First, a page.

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solar powered poultry/sheep/etc netting  RSS feed

 
Betty Montgomery
Posts: 52
Location: Lone Oak, TX
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I want to finely get some chickens and maybe a couple of sheep, possibly even some other poultry to do multiple jobs for me. I want them to mow my yard and possibly some of my pasture, fertilize it and give me chicken eggs and possibly a variety of meat or even cash from selling older, well fed critters. Now for the problem. I know little to nothing of solar powered poultry fencing. Most of what I DO know is from reading those "my stuff is the BEST" bits you find on the web sites of those who sell the things. From what I've read from them I'm assuming I'll need the kind of netting called 'pos/neg' as my area is prone to summer (fall, winter and spring) droughts. Does that kind work with solar panel powered batteries or with batteries at all? I would think it would but I"m not sure.
Also what brand, or company, would give me the most bang for my hard earned buck? It'd be nice if they were also willing to educate a novice.
 
Cj Sloane
pollinator
Posts: 3734
Location: Vermont, off grid for 24 years!
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http://www.premier1supplies.com/

In my experience horned sheep don't do well with fencing.
For chickens you need a heavy bird that can't fly if you clip the wing(s) - my did so I switched to a heavier breed.
 
Betty Montgomery
Posts: 52
Location: Lone Oak, TX
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Thanks! I'll check them out!
 
Willy Walker
Posts: 101
Location: Foot of the Mountain, Front Royal VA
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I have been using the electric poultry netting for over a year now with out electric. I have a perimeter fence that is 6 feet tall with wood posts. My chickens were flying in and out daily by landing on the fence post and braces. I'm not sure why I purchased the poultry netting after seeing my birds were not contained by the perimeter fence but I did. It turns out they do not fly over it at all. I have not used electric on it either. It is amazing how well it works. It is useless in the winter when the ground is super frozen, it falls over and the spikes are pushed out of the ground and it is impossible to stand the fence back up until the ground thaws. My dogs were able to learn how to nose it up from the ground and pass under the fence. All in all it has been a great purchase and a fabulous way to maintain my birds.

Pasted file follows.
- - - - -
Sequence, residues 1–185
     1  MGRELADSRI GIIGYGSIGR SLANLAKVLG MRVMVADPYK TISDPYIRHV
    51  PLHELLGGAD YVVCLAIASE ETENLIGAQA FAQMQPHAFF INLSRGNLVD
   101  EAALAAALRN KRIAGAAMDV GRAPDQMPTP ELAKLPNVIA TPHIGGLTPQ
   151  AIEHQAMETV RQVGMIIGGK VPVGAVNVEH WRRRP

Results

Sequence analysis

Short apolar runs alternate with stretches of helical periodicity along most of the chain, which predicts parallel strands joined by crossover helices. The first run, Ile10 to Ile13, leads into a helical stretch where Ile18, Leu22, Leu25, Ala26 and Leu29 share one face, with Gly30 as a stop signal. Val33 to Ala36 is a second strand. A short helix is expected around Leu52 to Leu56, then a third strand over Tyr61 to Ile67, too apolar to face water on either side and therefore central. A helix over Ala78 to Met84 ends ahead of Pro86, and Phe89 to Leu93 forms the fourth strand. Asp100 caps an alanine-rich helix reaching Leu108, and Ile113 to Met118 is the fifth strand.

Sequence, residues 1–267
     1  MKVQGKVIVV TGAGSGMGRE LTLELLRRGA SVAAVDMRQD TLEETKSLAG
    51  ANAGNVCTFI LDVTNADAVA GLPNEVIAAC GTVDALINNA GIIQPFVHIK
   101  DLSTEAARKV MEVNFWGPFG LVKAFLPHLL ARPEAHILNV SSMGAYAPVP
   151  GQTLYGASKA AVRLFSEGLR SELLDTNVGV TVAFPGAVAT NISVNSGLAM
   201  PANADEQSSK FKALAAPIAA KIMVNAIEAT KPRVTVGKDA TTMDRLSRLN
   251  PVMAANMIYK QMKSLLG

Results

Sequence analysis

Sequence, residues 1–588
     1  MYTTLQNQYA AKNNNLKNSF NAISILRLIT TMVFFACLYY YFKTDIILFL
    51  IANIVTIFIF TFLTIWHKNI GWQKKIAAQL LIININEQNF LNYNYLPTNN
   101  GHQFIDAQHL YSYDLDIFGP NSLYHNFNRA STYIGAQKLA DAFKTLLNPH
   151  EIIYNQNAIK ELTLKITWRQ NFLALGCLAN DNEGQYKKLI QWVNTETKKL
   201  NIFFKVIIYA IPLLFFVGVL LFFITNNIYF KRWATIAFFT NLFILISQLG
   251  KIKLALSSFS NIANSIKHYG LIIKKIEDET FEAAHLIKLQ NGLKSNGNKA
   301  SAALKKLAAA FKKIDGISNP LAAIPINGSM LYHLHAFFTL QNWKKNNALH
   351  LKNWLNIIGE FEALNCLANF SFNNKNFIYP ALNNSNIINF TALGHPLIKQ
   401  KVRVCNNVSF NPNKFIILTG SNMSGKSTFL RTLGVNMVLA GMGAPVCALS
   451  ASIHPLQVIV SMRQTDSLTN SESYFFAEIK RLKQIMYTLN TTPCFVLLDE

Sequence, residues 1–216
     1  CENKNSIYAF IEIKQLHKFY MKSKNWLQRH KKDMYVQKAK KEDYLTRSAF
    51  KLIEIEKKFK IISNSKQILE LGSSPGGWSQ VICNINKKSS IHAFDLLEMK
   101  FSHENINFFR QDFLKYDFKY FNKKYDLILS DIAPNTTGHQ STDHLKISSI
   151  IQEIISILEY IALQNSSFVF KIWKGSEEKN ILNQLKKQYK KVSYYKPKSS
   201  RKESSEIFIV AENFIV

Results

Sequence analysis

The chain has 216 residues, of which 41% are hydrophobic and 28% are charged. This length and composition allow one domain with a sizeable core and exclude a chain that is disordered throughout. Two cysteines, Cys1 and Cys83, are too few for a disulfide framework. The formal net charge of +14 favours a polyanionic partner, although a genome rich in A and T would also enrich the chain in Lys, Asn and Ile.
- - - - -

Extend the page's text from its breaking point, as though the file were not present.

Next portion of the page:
after looking at google images of wild animals caught in the fence and killed by the electric I will not put electric on it. There was one occasion that my dog was stuck in the fence pretty good and as I was removing the fence from him I thought about the images. I think at the time he was chasing a squirrel and neglected to see or care about the fence.

I know very little about raising or containing sheep!
 
Eric Hammond
Posts: 116
Location: SW Missouri
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chicken hugelkultur solar
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I use electric netting to secure my goats. Its incredibly frustrating to set up, I mean really really frustrating. Its heavy, so you can't lug it around easy(mines 165 ft) the poles do not stick in the ground easy at all, and it will catch every twig and snag on anything an 1/8 inch or bigger. I'm not sure what the previous poster was talking about killing animals. Electric fences do not kill animals, its a high voltage low amperage circuit, I regularly touch mine just to make sure its on, it only psychologically keeps the animals in because they don't understand what it is, they could actually leave at any time with no ill effects if they were inclined to. I use a 6 volt parmac solar charger with my netting. Works good but if I were to do it again, I would not waste money on netting its too big of a pain. And around here, I have to watch out for owls and hawks eating my chickens, so I couldnt free range them in a fence anyway, they have to be locked up.
 
Cj Sloane
pollinator
Posts: 3734
Location: Vermont, off grid for 24 years!
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Eric Hammond wrote:I'm not sure what the previous poster was talking about killing animals.


I've had a turkey and a rooster strangle themselves on it.
 
Cj Sloane
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Posts: 3734
Location: Vermont, off grid for 24 years!
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Eric Hammond wrote:Its incredibly frustrating to set up, I mean really really frustrating. Its heavy, so you can't lug it around easy(mines 165 ft) the poles do not stick in the ground easy at all, and it will catch every twig and snag on anything an 1/8 inch or bigger. .


I have been very frustrated with my fencing too. A rubber mallet helps to pound in the poles.
 
ben harpo
Posts: 76
Location: Illinois, zone 6b
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I only get the nets with double spikes on the bottom.
 
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